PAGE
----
Pharma and biotech companies have long recognized academia as a rich source of innovative early research. In most cases companies cherry-pick the most promising projects and license them from the universities where they originated, ending academic involvement. But GlaxoSmithKline is adopting a new approach, says the Financial Times. The pharma plans to work closely with medical researchers over the entire decade-plus drug development process.
"We want a model that allows academics to work all the way through, getting a big reward if a medicine is launched and playing to their strengths," explains Patrick Vallance, senior vice-president for drug discovery and development at GSK. "They could go to biotechs, or publish papers, but if they want to make a medicine, we will partner for the endgame."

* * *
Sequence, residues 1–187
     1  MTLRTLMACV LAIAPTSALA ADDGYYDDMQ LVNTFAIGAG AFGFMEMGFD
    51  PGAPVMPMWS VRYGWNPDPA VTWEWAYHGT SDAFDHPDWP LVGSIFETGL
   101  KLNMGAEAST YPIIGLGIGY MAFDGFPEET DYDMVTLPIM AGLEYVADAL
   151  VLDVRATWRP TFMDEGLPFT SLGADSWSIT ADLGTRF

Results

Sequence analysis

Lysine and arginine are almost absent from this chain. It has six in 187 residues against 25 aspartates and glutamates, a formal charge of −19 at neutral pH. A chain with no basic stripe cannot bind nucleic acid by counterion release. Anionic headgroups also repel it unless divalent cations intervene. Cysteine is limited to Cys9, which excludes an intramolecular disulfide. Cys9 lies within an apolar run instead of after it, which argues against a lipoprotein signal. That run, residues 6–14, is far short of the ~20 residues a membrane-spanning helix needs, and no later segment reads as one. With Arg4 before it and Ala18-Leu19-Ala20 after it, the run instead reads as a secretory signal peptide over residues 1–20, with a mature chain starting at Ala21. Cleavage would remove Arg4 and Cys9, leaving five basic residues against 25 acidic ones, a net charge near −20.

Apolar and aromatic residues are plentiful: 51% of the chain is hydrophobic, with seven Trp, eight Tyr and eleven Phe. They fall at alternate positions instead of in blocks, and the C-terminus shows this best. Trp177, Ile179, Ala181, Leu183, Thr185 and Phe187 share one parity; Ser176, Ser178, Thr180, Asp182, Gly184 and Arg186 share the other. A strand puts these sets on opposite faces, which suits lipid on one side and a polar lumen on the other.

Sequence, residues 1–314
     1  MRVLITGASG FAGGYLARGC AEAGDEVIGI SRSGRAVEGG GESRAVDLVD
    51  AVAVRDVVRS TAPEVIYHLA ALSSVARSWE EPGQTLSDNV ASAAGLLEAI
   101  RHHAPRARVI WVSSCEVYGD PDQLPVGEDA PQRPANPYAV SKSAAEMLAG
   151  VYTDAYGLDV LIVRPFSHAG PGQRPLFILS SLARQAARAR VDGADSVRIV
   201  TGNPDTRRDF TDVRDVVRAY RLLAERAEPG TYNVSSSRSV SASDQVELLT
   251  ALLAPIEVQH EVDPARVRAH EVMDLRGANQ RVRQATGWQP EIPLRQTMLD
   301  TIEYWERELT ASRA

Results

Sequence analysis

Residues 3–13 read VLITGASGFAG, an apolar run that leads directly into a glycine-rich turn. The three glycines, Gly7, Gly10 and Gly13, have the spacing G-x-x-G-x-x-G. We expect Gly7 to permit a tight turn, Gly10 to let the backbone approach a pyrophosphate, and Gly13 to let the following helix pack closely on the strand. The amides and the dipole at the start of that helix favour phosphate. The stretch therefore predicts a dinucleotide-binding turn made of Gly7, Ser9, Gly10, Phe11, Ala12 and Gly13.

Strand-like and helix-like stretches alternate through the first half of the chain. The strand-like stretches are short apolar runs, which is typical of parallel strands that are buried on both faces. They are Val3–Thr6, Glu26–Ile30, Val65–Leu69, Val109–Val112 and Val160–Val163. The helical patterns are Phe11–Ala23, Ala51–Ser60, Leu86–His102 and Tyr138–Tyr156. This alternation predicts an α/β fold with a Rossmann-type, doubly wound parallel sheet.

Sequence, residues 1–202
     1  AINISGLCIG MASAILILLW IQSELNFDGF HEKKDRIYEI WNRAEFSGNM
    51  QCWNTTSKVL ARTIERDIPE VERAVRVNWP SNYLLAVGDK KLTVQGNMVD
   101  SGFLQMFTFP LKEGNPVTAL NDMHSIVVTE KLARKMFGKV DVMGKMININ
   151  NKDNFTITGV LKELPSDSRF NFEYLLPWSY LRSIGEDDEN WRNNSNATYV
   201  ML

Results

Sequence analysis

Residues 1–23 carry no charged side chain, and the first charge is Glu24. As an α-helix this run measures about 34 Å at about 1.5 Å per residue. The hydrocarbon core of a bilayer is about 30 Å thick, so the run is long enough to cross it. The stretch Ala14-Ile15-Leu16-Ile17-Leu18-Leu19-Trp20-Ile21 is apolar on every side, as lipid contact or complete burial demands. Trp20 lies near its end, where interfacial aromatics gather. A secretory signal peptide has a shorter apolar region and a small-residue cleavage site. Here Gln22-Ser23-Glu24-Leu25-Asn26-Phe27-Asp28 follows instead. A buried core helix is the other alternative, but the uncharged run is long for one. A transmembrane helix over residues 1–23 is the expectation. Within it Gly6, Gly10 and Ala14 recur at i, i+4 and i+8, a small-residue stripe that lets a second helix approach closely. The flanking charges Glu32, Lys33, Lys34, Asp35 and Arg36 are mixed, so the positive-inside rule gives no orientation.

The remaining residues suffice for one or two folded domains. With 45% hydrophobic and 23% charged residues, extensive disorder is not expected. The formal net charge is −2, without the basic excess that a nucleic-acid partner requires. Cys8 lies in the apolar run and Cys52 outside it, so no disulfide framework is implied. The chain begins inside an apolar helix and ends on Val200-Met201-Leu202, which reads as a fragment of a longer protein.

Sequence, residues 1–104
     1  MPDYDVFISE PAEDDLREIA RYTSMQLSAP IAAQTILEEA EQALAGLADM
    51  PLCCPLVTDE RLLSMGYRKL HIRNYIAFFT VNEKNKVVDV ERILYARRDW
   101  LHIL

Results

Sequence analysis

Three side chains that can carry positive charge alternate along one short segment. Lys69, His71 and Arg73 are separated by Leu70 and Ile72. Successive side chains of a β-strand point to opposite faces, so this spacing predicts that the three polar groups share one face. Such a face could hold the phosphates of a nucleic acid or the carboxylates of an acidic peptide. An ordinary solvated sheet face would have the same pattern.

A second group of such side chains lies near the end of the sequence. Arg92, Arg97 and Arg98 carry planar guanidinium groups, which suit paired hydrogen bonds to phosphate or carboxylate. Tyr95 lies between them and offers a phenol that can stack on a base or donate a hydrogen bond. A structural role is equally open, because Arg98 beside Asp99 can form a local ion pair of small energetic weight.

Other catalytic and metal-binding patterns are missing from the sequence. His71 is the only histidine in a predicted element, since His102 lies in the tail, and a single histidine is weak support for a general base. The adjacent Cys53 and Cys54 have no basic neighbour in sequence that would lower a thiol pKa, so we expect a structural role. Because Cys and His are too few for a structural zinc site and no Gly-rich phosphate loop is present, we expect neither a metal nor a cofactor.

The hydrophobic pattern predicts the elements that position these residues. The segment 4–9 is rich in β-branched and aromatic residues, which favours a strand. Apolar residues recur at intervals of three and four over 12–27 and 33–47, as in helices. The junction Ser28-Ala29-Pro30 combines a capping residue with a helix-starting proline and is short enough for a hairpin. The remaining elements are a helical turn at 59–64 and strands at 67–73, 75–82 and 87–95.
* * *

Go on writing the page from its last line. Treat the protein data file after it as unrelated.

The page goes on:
The first of GSK's partnership is with Professor Mark Pepys, head of medicine at the Royal Free and University College Medical School in London. Pepys' work focuses on designing a new treatment for a certain type of amyloidosis. Vallance says GSK plans to ink 10 such deals over the next year.
- read the Financial Times piece